Adegoke: Is the predominant investment thesis in Israel similar to what we have here? Beyond key sectors like fintech, do you see investors putting their money in other business areas? 

Caleb: Israel is not a B2C market. We’ve also very recently have become more of a scale-up market. There are many startups that were sold for hundreds of millions of dollars before they were even selling a single product. In Africa, the way to become a unicorn is to have a great product, management team, execution. I think the potential ways in which Israel is.

Iyin: Caleb’s remit is going to go beyond Israel. So the presence in Israel is just a part of the full picture. We want to be visible to investors, particularly to those that can add a lot of value to our portfolio. And this is where we may be looking for partnerships and solutions. Like in Dubai, there’s a whole bunch of companies coming particularly from Europe who leverage Israel as their premier headquarters. Caleb’s going to be working with us across the world, with our investors. We currently have over 300 investors from across the world. And we’re looking to further scale our presence for investors all over the world – from current offices in the U.S., Tel Aviv, and Lagos, with plans to set up in London, Dubai, etc, – and we’re hiring quite a number of people for the expansion.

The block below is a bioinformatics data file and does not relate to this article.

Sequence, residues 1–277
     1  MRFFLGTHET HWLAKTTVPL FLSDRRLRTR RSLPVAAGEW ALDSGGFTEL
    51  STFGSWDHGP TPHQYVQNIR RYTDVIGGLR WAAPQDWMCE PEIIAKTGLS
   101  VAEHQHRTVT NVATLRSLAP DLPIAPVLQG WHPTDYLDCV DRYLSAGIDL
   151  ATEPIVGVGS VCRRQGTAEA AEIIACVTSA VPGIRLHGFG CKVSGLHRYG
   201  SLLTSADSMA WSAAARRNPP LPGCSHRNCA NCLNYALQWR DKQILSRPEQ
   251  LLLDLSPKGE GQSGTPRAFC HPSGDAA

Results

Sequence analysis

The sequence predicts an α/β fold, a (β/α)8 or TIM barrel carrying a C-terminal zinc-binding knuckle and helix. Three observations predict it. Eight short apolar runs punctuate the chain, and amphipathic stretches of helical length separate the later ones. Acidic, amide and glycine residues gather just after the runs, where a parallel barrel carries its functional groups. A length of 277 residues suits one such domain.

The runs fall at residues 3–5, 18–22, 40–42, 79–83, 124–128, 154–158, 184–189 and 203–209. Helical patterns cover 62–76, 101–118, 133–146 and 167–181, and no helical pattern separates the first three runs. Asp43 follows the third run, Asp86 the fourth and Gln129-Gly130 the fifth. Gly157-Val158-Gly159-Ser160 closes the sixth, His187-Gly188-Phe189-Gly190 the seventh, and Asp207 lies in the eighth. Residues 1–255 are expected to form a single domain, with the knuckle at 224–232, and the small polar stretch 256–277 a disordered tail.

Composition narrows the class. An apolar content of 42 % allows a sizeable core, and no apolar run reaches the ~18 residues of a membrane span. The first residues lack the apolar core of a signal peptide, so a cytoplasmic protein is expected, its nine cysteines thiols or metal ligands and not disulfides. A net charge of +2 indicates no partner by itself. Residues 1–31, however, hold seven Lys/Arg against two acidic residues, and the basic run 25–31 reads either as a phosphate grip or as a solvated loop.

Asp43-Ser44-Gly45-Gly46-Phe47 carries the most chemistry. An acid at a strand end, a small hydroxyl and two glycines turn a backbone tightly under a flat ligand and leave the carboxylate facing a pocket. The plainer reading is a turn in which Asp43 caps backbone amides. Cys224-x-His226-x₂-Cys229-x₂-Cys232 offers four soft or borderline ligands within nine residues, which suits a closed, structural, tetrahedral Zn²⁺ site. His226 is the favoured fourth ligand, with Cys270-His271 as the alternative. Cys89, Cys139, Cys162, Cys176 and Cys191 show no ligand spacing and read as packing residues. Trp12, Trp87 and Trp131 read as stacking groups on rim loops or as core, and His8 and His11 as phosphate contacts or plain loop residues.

Adegoke: Nice! How do you plan to sell the African story to entrepreneurs and investors? 

Caleb: I’m going to show them articles on TechCabal which have been showing stories about big rounds in companies, startups reaching unicorn status, Paystack getting sold, Flutterwave creating the impact that they’ve had, and reaching business milestones that they’ve had. The numbers don’t lie. The number of deals in Africa is growing year over year – literally at an out-of-control pace. And early investors in those deals have been able to benefit demonstrably from those wins which is the embodiment of VC – high risk, high reward. Honestly, I cannot think of a better person to introduce the African VC ecosystem to this country than E because of his experience as an entrepreneur and an investor.

Adegoke Oyeniyi | Author